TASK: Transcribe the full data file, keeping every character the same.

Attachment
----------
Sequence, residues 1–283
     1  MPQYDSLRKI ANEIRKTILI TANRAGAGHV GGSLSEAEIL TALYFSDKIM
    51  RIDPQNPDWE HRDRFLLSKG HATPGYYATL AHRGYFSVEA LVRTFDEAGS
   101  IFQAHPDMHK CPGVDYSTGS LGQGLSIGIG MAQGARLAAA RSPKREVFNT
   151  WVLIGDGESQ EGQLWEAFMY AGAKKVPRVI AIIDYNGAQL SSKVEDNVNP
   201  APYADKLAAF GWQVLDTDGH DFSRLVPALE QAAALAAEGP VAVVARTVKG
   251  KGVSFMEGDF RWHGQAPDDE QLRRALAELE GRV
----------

Sequence, residues 1–283
     1  MPQYDSLRKI ANEIRKTILI TANRAGAGHV GGSLSEAEIL TALYFSDKIM
    51  RIDPQNPDWE HRDRFLLSKG HATPGYYATL AHRGYFSVEA LVRTFDEAGS
   101  IFQAHPDMHK CPGVDYSTGS LGQGLSIGIG MAQGARLAAA RSPKREVFNT
   151  WVLIGDGESQ EGQLWEAFMY AGAKKVPRVI AIIDYNGAQL SSKVEDNVNP
   201  APYADKLAAF GWQVLDTDGH DFSRLVPALE QAAALAAEGP VAVVARTVKG
   251  KGVSFMEGDF RWHGQAPDDE QLRRALAELE GRV